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Calcutta HC Asks Legislature To Consider Introducing Provisions In Electricity Act, 2003 For Payment Of Compensation For Death/Injury Caused By Electrocution

By LawStreet News Network      24 March, 2022 03:03 AM      0 Comments
Legislature To Consider Introducing Provisions In Electricity Act

The Calcutta High Court on Tuesday urged the legislature to include explicit provisions in the Electricity Act, 2003 (2003 Act) governing the payment of compensation to victims of electrocution-related injury, death, or property loss, as well as their relatives.

The Court also stated that the legislature should consider creating a specific hierarchy of forums to decide such disputes, and that Rules may be developed by the Central or State Electricity Regulatory Commissions to ensure that such laws are effectively implemented.

Justice Sabyasachi Bhattacharyya observed,

"It is desirable that the legislature considers the immediate introduction of specific provisions in the Electricity Act, 2003 itself, regarding payment of compensation to victims of injury, death of damage to property caused by electrocution or their next of kin and, if deemed fit, to also consider providing for a dedicated hierarchy of forums to decide such cases. Rules in that regard may also be formulated by the Central and/or State Electricity Regulatory Commissions for effective implementation of such provisions."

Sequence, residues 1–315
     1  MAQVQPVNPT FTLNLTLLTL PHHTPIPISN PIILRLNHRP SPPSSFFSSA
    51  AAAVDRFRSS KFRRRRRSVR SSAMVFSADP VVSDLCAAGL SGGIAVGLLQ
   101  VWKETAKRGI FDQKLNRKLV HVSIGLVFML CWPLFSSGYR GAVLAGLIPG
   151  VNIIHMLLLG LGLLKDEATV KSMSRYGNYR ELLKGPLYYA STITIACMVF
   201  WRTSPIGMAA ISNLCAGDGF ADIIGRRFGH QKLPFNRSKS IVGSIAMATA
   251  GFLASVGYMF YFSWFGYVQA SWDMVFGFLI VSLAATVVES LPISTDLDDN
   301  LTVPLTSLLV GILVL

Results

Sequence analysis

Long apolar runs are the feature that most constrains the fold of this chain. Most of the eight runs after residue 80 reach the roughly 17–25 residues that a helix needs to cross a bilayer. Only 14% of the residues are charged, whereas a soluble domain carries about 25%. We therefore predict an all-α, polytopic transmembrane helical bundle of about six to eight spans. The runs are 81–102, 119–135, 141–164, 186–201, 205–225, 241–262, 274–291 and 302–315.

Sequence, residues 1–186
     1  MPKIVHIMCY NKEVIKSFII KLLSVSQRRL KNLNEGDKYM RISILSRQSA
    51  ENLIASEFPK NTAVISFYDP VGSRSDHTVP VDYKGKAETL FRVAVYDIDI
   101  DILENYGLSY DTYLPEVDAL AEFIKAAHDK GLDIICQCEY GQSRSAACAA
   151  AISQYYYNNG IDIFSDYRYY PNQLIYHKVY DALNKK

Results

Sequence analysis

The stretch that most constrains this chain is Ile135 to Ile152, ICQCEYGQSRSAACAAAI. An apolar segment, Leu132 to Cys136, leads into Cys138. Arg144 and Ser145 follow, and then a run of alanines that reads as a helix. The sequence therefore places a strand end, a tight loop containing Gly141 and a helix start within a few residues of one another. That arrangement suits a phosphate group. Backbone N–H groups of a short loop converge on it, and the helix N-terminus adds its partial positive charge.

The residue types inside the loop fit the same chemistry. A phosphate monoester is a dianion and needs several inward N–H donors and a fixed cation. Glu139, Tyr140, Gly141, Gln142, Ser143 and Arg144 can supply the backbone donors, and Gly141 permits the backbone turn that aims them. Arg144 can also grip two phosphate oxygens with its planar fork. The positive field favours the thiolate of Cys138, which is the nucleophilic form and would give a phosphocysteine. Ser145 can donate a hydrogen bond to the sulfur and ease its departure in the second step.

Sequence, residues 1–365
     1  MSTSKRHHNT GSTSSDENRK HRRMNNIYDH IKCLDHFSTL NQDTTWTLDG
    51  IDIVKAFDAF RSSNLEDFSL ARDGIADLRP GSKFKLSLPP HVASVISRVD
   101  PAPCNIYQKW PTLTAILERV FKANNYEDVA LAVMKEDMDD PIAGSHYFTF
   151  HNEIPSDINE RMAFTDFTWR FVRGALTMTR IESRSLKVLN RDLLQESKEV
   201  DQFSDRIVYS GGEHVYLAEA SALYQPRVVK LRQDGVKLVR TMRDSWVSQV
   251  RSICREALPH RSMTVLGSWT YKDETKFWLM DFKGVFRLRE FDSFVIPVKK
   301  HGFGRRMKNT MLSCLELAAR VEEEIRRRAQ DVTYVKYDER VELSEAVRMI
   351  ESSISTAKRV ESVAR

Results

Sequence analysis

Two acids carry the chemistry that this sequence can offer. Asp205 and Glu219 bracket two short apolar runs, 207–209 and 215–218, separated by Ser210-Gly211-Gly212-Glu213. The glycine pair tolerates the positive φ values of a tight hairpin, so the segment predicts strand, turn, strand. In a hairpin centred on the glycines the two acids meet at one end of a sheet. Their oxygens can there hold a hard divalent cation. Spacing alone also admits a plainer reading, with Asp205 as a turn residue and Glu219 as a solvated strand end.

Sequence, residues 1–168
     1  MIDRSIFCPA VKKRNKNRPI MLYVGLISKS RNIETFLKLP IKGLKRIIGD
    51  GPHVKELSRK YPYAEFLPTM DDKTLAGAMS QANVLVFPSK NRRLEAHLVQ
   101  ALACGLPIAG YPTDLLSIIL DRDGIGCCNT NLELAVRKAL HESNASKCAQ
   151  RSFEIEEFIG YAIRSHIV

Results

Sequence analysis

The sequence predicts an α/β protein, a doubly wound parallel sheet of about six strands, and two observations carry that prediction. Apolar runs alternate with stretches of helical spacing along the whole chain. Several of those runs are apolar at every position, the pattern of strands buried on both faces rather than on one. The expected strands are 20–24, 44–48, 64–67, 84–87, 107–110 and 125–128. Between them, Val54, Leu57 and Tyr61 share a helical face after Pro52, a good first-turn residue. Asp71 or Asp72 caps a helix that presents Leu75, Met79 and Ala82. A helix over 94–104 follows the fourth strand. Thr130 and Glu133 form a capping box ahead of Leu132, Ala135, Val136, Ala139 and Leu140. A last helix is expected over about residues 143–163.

The Court further noted that relegating such matters of compensation to a Civil Court would aggravate the misery of the victim's kin and accordingly remarked,

"The option of relegating such matters of compensation to a civil court, considering the usually sorry plight of the victim's dependants, would involve much time and resources which the applicants in such matters mostly cannot afford to spend. Civil suits, by their implicit nature and statutory structure, require oral and documentary evidence to be led and considered in detail before final disposal."

The Court went on to say that the 2003 Act makes no provision for compensation in the event of injury, death, or illness. Property damage as a result of electrocution. It was further pointed out that Section 161 of the 2003 Act is solely concerned with the giving of notice.

In this regard, there are accidents, investigations, and modalities. It was pointed out that the Intimation of Accidents (Form and Time of Service of Notice) Rules, 2005 only regulates the notification of accidents. Frames guidelines for the format and timing of electrical accident notices, but stops short of going further.

Apart from the judgement of the West Bengal State Electricity Distribution Company Limited (WBSEDCL) Board of Directors at its 69th meeting on February 20, 2017, Justice Bhattacharyya believes there is no other guideline under the relevant law for the award of compensation for death by electrocution.